Proper theatre curtains, a hill of old clothes and 30 green plastic chairs. There are 5 performers, including a 2 year-old boy and his parents. The audience eat ice cream, describe the history of the world from the very beginning and an air band play Guns N’ Roses…
With 5 extraordinary performers including a 2 year-old boy and his parents, Make-believe asked some tricky questions about birth, death and everything in between.
How do we decide what’s true? How do we manage to live together when we disagree so wildly with each other? Do we separate the real from the made-up in a piece of theatre?
Why we made Make-believe
“Over the last few years I’ve become aware that some of the beliefs and values I’d pinned myself to in my teens and twenties were really not so certain anymore.
I wanted to make something that challenged me and those I work with (and audiences maybe) to think about where our beliefs come from and how we act upon them. The piece also became about performance. I’ve found myself increasingly unwilling to suspend my disbelief when I’m sat in a theatre, more likely to dwell on who the actor is and what they might be really thinking about rather than what their fictional character was saying. It’s only in the live encounter that I have this problem – I can lose myself in a film as thoroughly as ever. But when I’m in a room with real live performers I want a different kind of relationship.
I invited one of my oldest friends (Dr Michael Brady, lecturer in philosophy at Glasgow University) to join us in the process. I’ve known Mike since I was 19. He came into rehearsals and asked us a series of near-impossible questions. We scrabbled away at what we were trying to get at, discarding “believability”, “honesty” and “authenticity” en route, and arrived at an aspiration – we wanted to make a performance that had a quality of truthfulness.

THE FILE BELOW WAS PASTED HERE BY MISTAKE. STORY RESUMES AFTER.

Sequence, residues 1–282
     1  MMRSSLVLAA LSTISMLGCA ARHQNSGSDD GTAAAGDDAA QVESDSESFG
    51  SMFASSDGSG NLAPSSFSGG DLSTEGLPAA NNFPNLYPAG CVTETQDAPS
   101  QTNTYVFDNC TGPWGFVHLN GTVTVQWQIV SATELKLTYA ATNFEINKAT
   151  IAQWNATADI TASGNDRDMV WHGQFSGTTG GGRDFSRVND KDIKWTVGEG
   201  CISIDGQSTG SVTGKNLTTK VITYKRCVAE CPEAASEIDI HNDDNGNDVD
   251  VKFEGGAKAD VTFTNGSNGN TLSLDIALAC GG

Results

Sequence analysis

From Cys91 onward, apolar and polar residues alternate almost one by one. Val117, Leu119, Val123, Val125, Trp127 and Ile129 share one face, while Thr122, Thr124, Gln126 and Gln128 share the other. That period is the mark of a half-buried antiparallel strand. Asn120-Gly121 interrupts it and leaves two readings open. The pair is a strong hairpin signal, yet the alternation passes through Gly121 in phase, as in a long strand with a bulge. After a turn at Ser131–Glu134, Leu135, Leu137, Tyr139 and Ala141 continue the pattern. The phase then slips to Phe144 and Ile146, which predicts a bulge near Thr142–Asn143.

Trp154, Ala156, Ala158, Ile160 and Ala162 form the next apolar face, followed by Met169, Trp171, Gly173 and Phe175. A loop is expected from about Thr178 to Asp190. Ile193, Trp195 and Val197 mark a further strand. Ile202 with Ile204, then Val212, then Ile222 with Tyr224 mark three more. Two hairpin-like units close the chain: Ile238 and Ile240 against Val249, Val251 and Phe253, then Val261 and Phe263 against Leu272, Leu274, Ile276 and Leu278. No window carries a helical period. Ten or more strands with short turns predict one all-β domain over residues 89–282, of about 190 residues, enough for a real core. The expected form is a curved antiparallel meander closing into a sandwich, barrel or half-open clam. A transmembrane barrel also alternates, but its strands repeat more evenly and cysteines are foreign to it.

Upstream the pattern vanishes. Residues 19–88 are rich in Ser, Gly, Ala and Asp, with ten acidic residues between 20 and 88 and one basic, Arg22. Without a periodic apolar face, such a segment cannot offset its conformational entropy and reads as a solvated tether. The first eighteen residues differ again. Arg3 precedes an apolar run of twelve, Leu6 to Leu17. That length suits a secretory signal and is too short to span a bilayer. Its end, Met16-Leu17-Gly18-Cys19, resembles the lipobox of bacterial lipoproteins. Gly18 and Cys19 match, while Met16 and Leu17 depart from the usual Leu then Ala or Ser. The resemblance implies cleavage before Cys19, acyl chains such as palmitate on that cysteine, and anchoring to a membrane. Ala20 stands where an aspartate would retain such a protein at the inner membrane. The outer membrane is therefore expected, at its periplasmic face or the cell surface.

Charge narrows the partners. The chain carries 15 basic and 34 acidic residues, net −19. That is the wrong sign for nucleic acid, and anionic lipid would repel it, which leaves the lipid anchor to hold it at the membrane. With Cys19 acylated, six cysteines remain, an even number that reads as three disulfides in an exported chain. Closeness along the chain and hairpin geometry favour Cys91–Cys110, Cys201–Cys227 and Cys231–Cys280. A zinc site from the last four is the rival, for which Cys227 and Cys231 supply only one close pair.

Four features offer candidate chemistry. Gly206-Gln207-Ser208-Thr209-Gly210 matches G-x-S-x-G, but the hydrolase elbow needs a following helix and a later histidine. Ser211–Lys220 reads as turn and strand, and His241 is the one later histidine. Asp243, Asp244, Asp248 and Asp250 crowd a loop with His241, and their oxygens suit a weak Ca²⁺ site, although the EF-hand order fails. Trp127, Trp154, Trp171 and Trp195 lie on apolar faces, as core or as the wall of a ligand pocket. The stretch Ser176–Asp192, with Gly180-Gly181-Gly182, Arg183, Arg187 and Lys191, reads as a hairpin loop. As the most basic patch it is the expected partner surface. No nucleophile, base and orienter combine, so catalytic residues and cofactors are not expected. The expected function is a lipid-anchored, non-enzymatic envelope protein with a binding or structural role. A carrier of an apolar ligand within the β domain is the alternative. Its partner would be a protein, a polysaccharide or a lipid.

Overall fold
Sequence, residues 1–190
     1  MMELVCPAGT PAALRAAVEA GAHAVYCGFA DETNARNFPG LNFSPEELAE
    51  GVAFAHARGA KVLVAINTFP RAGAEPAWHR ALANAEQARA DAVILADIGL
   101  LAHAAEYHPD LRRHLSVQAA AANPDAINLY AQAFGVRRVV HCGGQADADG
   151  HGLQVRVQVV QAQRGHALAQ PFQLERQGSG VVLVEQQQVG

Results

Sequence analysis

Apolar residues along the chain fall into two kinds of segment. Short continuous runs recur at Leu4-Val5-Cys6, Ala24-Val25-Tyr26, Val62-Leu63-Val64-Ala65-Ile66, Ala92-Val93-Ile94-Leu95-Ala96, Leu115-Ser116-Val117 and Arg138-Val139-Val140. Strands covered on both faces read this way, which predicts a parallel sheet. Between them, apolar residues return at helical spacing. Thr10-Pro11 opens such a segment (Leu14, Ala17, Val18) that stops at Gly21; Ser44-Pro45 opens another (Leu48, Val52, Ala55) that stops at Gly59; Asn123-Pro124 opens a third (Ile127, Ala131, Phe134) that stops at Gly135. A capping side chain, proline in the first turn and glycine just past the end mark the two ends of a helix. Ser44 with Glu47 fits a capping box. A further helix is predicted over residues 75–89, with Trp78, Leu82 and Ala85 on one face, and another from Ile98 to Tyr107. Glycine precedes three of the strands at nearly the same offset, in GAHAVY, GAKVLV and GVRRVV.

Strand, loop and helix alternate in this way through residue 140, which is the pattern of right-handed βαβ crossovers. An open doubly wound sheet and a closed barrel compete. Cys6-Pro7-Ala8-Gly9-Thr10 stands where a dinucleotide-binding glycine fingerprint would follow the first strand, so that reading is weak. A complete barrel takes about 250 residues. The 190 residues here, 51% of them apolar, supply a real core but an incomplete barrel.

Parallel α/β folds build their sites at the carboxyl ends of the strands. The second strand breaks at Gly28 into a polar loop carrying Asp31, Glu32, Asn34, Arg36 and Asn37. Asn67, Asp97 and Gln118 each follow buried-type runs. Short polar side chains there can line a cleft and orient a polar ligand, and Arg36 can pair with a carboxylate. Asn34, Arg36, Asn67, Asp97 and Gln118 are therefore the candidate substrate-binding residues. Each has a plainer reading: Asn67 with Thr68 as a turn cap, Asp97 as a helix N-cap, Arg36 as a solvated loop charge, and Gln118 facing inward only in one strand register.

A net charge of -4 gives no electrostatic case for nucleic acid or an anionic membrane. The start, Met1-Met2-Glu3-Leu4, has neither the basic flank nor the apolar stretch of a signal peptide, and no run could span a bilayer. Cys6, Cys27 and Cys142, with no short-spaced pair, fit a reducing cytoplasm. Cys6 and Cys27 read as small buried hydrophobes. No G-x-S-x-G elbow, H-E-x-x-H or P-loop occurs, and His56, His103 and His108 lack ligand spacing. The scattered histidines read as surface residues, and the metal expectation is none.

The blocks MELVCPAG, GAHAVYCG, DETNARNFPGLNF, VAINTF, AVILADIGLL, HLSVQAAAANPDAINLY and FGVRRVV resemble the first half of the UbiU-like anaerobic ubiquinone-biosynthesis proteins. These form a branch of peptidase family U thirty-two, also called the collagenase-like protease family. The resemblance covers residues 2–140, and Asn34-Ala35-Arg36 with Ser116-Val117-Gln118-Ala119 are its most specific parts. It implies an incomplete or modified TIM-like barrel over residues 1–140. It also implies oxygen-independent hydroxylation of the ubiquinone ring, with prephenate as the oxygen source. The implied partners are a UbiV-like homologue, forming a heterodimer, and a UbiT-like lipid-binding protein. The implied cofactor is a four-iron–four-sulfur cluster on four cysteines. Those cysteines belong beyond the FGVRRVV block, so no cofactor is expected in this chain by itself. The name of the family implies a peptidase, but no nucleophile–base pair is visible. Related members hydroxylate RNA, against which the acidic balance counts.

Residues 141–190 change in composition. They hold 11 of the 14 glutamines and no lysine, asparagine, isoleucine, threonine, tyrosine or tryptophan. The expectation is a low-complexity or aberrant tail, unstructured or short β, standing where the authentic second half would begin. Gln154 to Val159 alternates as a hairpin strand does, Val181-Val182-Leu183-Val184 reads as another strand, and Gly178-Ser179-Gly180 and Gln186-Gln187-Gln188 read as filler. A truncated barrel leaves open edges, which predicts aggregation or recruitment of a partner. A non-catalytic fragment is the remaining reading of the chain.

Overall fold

Make-believe was a piece of theatre that wore its pretence firmly on its sleeve – and, I think, somehow felt truthful despite (or indeed because of) that.”
Richard Gregory, Director
- A performer’s perspective: Amy Guest, from the Centre for Applied Theatre Research at the University of Manchester, interviewed members of the cast and creative team of Make-believe for an essay on the relationship between contemporary performance and applied theatre. This is an extract of Amy’s interview with Make-believe performer Lowri Evans.
- ……impossible things before breakfast: Created by Quarantine’s designer Simon Banham during the rehearsals for Make-believe this CD Rom presents fragments of ideas and beginnings exploring the construction of a piece of theatre by Quarantine.
“This is beautiful work, delivered like a new-born baby into the world with discoveries to make and places to go.” Lyn Gardner, The Guardian, November 2009
Credits and performance details
Performers: Lowri Evans, Marcus Hercules, Johanne Timm, Jeziel Warsama, Yusra Warsama
Director Richard Gregory; designer Simon Banham; writer Sonia Hughes; choreographer Johanne Timm; lighting designer Mike Brookes; sound designer Greg Akehurst.
Make-believe was a co-production with Contact, Manchester and first performed there in November 2009. It toured in England to Leeds, Taunton, Coventry, Lancaster, Exeter and Bristol.